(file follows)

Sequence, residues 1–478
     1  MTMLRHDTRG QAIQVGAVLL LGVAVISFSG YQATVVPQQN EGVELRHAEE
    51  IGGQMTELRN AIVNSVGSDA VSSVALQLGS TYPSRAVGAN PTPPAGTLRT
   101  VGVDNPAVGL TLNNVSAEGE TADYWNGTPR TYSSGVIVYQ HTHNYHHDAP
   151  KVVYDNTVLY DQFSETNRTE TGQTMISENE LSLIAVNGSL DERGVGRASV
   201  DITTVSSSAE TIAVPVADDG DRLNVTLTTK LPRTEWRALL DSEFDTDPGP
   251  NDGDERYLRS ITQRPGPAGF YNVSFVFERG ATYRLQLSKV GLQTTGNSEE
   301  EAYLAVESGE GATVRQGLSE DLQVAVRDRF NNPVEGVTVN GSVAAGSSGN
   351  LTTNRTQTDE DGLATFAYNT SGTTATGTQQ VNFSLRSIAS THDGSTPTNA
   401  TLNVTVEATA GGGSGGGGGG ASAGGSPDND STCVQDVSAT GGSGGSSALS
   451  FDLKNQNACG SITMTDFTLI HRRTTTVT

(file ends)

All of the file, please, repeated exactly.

Sequence, residues 1–478
     1  MTMLRHDTRG QAIQVGAVLL LGVAVISFSG YQATVVPQQN EGVELRHAEE
    51  IGGQMTELRN AIVNSVGSDA VSSVALQLGS TYPSRAVGAN PTPPAGTLRT
   101  VGVDNPAVGL TLNNVSAEGE TADYWNGTPR TYSSGVIVYQ HTHNYHHDAP
   151  KVVYDNTVLY DQFSETNRTE TGQTMISENE LSLIAVNGSL DERGVGRASV
   201  DITTVSSSAE TIAVPVADDG DRLNVTLTTK LPRTEWRALL DSEFDTDPGP
   251  NDGDERYLRS ITQRPGPAGF YNVSFVFERG ATYRLQLSKV GLQTTGNSEE
   301  EAYLAVESGE GATVRQGLSE DLQVAVRDRF NNPVEGVTVN GSVAAGSSGN
   351  LTTNRTQTDE DGLATFAYNT SGTTATGTQQ VNFSLRSIAS THDGSTPTNA
   401  TLNVTVEATA GGGSGGGGGG ASAGGSPDND STCVQDVSAT GGSGGSSALS
   451  FDLKNQNACG SITMTDFTLI HRRTTTVT